By Didier Verna
Creating a domain-specific language (DSL) is inherently a transversal activity: it usually requires knowledge and expertise in both the application domain and in language design, two completely orthogonal areas of expertise. The difficulty is that either one needs to find people with such dual competence, which is rare, or one needs to add manpower to the project by means of different teams which in turn need to coordinate their efforts and communicate together, something not easy to do either.
One additional complication is that being an expert developer in one specific programming language does not make you an expert in language design -- only in using one of them. DSLs, however, are most of the time completely different from the language in which the embedding application is written, and a general-purpose programming language (GPL), suitable to write a large application, is generally not suited to domain-specific modeling, precisely because it is too general.
As a consequence, it is often taken for granted that your application's DSL has to be completely different from your application's GPL. But what if this assumption was wrong in the first place?
The need for designing a DSL as a completely new language often comes from the lack of extensibility of your GPL of choice. By imposing a rigid syntax, a set of predefined operators and data structures on you, the traditional GPL approach gives you no choice but to implement your application's DSL as a different language, with its own lexical and syntactic parser, semantic analyzer and possibly its own brand new interpreter or even compiler. A much less widely accepted view, however, is that some GPLs are extensible, or customizable enough to let you implement a DSL merely as either a subset or an extension of your original language. The result is that your final application, as a whole, is now written in a completely unified language. While the end-user does not have access to the whole backstage infrastructure and hence does not really see a difference with the traditional approach, the gain for the developer is substantial. Since the DSL is now just another entry point for the same original GPL, there is essentially only one application written in only one language to maintain. Moreover, no specific language infrastructure (parser, interpreter, compiler etc.) is required for the DSL anymore, since it is simply expressed in terms of the original GPL. The already existing GPL infrastructure is all that is needed.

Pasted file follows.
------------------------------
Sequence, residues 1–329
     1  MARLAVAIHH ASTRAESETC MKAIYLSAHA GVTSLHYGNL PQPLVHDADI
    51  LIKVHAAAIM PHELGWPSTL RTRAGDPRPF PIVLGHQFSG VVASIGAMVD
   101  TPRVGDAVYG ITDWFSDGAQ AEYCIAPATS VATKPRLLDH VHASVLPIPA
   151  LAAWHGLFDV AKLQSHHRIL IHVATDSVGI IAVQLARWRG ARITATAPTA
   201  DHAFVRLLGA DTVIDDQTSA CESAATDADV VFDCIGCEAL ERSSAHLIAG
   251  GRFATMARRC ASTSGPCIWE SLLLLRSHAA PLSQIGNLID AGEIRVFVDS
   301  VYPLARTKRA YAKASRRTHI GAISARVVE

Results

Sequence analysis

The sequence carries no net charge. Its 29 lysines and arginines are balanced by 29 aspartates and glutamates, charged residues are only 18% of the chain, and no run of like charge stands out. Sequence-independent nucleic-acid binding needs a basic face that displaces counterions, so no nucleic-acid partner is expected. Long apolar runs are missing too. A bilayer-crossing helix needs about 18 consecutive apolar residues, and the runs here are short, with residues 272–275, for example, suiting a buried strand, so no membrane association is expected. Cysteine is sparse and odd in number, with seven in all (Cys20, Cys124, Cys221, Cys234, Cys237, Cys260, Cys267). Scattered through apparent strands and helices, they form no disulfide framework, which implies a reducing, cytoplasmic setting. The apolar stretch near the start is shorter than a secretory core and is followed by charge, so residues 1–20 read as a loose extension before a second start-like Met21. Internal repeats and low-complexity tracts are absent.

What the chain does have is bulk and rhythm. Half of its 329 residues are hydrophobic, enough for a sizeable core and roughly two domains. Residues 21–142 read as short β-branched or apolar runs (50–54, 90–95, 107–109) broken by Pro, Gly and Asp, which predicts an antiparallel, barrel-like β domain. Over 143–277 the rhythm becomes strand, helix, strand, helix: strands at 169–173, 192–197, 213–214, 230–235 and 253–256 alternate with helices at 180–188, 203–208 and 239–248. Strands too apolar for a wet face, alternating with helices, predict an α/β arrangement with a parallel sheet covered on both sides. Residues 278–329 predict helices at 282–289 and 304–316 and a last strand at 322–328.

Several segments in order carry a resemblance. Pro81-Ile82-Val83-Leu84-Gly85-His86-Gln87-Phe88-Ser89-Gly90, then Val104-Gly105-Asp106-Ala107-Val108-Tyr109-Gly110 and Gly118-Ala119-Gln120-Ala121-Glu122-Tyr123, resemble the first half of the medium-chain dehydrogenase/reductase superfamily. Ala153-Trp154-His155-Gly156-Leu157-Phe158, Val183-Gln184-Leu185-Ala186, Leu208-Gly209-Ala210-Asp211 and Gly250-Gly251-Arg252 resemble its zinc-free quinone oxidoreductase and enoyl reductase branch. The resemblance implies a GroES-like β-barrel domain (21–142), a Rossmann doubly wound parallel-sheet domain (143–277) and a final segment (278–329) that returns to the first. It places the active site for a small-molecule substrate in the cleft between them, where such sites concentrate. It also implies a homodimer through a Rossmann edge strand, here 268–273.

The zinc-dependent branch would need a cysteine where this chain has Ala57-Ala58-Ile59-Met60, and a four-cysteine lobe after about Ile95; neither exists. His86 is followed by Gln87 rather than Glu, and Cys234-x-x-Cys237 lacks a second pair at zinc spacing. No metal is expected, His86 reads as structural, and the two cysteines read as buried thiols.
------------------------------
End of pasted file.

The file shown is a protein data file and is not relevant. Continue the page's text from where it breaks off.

The purpose of this presentation is to envision the process of DSL design and implementation from the perspective of extensible GPLs, and to show how the capabilities of the original application's GPL can have a dramatic impact on DSL conception. More precisely, the objective of is twofold:
1. showing that by using a truly extensible GPL, implementing a DSL is considerably simplified, to the point that it may sometimes boil down to writing a single line of code,
2. exhibiting the most important characteristics of a programming language that make it truly extensible, and hence suitable for DSL'ification. Such characteristics are most notably dynamicity (not only dynamic typing, but in general all things that can be deferred to the run-time), introspection, intersession, structural or procedural reflexivity, meta-object protocols, macro systems and JIT-compilation.